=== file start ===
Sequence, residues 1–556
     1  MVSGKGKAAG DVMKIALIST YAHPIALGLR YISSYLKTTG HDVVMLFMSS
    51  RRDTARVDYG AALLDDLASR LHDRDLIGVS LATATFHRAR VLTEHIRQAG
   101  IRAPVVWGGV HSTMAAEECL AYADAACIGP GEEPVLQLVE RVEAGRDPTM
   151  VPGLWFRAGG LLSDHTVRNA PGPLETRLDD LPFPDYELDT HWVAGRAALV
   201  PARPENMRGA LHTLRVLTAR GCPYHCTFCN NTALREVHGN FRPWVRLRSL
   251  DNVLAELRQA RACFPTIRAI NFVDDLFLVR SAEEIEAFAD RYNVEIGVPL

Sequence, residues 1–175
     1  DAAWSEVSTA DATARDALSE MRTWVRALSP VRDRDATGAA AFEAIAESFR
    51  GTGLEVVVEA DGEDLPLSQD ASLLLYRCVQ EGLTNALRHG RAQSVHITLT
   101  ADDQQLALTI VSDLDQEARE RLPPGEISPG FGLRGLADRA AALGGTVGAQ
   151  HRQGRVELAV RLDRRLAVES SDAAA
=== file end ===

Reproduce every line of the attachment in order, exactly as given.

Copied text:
Sequence, residues 1–556
     1  MVSGKGKAAG DVMKIALIST YAHPIALGLR YISSYLKTTG HDVVMLFMSS
    51  RRDTARVDYG AALLDDLASR LHDRDLIGVS LATATFHRAR VLTEHIRQAG
   101  IRAPVVWGGV HSTMAAEECL AYADAACIGP GEEPVLQLVE RVEAGRDPTM
   151  VPGLWFRAGG LLSDHTVRNA PGPLETRLDD LPFPDYELDT HWVAGRAALV
   201  PARPENMRGA LHTLRVLTAR GCPYHCTFCN NTALREVHGN FRPWVRLRSL
   251  DNVLAELRQA RACFPTIRAI NFVDDLFLVR SAEEIEAFAD RYNVEIGVPL

Sequence, residues 1–175
     1  DAAWSEVSTA DATARDALSE MRTWVRALSP VRDRDATGAA AFEAIAESFR
    51  GTGLEVVVEA DGEDLPLSQD ASLLLYRCVQ EGLTNALRHG RAQSVHITLT
   101  ADDQQLALTI VSDLDQEARE RLPPGEISPG FGLRGLADRA AALGGTVGAQ
   151  HRQGRVELAV RLDRRLAVES SDAAA